[Note: Simulations are a key piece of the Health for America at MedStar Health fellowship. Given the many dimensions of stroke, the 2016-17 fellows participated in a range of stroke simulations. Below, King reflects on his experience. You can read other perspectives here and here. ]
When people ask the difference between sympathy and empathy, I offer the following scenario:
Imagine finding a person who is stuck in a hole. If you are sympathetic, you remain above ground, looking down into the hole and asking how the person is feeling. If you over-identify, you jump into the hole too and commiserate in the direness of the situation. If you are empathetic, you go out of your way to climb down into the hole, and eventually help the person climb out.
In health care, well-intentioned solutions are oftentimes short of empathetic. The Health for America (HFA) at MedStar Health fellowship is one-of-a-kind because it looks at healthcare problems through the lens of empathetic and user-centered design. During the latter stages of our exploration phase, we executed patient simulations and immersed ourselves in the conditions and experiences that stroke survivors face.
For the first part of the simulation in which we focused on the disability component of stroke over the course of three days, I was assigned a patient profile that included left-side weakness on both my arm and leg. To simulate this disability, I wore a foot brace, knee immobilizer, and arm sling, balancing myself with a quad cane while I walked. While in full gear, I experimented with several activities of daily living: taking a stroll in the park, riding the Metro, cooking dinner, and getting in and out of a cab. Each of these was extremely difficult to complete. For instance, while walking in the park, I noticed that I was fatigued more easily because coordinating my movements took more energy. Moreover, when downward hills were ahead, I was more mindful of potential falls because I impaired my balance through my simulated disability. When it came to cooking, I found myself struggling with basic things such as carrying kitchen equipment and chopping vegetables with only one good hand or moving from point A to point B with my cane. Multi-tasking was out of the question: I couldn’t, for example, hold my mug securely while standing because I needed my good hand to hold on to my cane. Imagine managing your diet as a stroke survivor: restaurant food is convenient but often unavoidably high in sodium, yet cooking at home while recovering is, as my simulation experience revealed, a daunting task.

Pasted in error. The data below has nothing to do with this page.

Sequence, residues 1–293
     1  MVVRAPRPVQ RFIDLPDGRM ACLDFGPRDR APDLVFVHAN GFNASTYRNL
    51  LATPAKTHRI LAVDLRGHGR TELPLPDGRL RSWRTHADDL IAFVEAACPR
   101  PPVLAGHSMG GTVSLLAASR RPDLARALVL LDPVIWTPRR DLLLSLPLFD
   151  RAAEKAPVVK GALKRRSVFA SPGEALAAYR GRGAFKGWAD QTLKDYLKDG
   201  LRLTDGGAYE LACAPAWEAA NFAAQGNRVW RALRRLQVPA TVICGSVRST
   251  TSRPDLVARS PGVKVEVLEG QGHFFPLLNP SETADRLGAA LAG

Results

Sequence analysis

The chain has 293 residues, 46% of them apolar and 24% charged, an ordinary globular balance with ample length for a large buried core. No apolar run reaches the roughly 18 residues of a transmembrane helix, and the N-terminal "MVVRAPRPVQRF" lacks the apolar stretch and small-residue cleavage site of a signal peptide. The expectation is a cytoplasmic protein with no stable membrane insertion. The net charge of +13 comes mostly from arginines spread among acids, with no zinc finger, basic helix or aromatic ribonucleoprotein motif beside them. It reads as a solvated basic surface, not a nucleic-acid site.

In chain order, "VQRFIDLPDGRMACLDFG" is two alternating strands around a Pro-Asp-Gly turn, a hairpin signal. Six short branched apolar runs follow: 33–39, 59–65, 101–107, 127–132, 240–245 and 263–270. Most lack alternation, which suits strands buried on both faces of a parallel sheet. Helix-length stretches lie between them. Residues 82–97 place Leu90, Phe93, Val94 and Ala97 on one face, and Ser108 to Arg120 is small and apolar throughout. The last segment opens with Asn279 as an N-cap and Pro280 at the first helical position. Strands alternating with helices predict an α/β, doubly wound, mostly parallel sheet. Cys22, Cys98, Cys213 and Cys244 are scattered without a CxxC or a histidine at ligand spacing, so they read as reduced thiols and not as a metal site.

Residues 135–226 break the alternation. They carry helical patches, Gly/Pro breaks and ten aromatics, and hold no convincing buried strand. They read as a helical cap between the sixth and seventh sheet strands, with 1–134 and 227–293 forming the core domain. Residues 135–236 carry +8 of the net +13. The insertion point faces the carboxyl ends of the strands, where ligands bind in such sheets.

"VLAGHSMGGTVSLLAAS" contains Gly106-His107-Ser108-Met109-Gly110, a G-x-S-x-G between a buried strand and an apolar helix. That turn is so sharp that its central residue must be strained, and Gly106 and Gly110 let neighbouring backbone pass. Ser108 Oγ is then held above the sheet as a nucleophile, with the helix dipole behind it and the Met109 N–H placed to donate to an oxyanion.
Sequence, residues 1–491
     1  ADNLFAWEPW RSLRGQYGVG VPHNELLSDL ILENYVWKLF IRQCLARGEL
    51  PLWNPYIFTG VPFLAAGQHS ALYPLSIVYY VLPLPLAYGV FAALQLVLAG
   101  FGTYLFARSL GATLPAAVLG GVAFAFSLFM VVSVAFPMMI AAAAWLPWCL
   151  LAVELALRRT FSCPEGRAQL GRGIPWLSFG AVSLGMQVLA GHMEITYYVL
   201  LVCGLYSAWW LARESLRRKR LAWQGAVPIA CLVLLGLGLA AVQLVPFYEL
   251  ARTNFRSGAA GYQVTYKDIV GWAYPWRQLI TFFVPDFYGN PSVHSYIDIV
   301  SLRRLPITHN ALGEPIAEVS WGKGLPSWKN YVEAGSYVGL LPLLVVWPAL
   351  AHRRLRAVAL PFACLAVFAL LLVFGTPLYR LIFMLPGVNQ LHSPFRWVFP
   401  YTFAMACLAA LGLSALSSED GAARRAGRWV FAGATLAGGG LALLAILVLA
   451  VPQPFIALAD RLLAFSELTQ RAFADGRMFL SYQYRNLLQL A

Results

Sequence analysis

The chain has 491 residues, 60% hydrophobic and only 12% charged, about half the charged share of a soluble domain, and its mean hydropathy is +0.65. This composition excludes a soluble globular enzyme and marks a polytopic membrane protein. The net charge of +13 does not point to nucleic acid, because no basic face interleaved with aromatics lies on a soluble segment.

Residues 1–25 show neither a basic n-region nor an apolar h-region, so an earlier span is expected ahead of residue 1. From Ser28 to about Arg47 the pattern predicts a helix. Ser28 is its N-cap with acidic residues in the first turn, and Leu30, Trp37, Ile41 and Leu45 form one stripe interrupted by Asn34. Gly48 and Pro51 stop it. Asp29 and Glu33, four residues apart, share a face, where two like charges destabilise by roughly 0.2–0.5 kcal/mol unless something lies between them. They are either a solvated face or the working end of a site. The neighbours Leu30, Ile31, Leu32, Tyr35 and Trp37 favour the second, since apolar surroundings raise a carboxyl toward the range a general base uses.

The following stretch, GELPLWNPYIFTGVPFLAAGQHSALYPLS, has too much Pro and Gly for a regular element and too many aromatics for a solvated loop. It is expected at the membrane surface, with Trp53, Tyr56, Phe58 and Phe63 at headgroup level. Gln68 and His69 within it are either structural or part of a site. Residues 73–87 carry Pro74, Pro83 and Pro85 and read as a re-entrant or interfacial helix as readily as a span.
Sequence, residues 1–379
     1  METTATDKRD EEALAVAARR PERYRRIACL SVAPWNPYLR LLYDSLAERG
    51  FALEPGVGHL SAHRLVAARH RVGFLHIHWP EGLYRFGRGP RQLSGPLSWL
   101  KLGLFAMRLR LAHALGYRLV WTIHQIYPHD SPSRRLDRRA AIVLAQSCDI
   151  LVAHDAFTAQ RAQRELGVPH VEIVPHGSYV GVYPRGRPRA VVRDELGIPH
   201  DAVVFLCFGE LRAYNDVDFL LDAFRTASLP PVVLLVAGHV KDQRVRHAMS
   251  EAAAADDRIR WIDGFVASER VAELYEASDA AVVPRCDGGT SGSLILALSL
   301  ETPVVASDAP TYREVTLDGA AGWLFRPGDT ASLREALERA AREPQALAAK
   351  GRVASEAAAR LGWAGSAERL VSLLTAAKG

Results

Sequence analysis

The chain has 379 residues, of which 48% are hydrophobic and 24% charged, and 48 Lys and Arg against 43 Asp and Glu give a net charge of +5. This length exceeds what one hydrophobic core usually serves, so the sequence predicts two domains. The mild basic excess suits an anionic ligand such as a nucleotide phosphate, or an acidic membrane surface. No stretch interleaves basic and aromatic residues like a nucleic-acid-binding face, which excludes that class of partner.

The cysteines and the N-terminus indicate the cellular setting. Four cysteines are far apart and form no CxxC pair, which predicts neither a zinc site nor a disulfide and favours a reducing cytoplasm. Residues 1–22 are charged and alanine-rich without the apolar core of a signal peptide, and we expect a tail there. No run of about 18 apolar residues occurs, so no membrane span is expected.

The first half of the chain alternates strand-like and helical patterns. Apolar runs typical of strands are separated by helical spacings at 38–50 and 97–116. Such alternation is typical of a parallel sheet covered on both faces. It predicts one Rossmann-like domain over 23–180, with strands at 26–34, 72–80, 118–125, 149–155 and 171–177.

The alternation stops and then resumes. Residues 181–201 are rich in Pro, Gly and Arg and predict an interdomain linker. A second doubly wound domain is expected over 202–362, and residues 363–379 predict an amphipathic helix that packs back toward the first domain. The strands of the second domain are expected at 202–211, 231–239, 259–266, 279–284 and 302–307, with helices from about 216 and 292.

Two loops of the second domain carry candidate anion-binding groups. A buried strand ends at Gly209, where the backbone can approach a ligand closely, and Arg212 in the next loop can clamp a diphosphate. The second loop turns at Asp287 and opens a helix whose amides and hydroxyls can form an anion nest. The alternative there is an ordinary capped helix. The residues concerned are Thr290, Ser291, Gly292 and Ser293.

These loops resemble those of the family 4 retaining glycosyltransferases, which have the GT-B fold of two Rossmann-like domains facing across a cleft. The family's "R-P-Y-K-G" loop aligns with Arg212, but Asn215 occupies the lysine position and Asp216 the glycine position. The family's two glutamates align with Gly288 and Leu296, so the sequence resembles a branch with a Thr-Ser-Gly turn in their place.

The second part of the simulation, which lasted two weeks, focused on the primary and secondary prevention measures recommended for at-risk populations and stroke survivors. These include daily exercise regimens and dietary habits (e.g. low-sodium, low-cholesterol, high-fiber, low-carbohydrate) that prevent the first-time onset or recurrence of stroke. My persona during this part of the simulation was that of an at-risk 50-year-old individual who recently had a transient ischemic attack, otherwise known as a “mini-stroke.” To hold myself accountable to my lifestyle changes, I used an app called MyFitnessPal that kept track of my sodium, cholesterol, carbohydrate, and caloric intake for every meal I consumed. I engaged in light exercises such as yoga and calisthenics at home. Monitoring my blood pressure twice a day and taking 13 fake pills every day were also part of my routines.
Much to my chagrin, all of it was easier said than done. Being the carnivore and Filipino-American that I am, it was hard to forego the savory dishes that I grew up relishing. When I cook, I indulge in traditional Asian ingredients such as soy sauce, fish sauce, sesame oil, and coconut milk. Needless to say, the two-week lifestyle change became grueling. It would also be remiss of me not to admit that after a few days of healthy (and, by my standards, tasteless) meals, I would go to the closest fast-food joint and binge on fried chicken, burgers, and the like.
All in all, the simulation phase was eye-opening in more ways than one. The challenges I faced during the two-week simulation are just cross-sections of the real, long-term challenges stroke survivors and at-risk populations face in their day-to-day lives. That said, I now possess a more nuanced understanding of the types of problems we’re hoping to tackle during our ideation and implementation phases. As the HFA fellows approach these phases, we aim to incorporate design-thinking principles into our work by grounding our next steps in our takeaways from the simulation. As the opening illustration of empathy demonstrates, a novel user-centered solution can be achieved only if we understand the situation from the perspective of our end users, be they patients, families, or physicians. If we are to succeed in this fellowship, we have to remain rooted in empathy as we use the tools and resources available to us to work alongside our stakeholders in creating this kind of user-centered solution.
See a few more photos of my simulation below! And stay tuned for reflections coming from other fellows.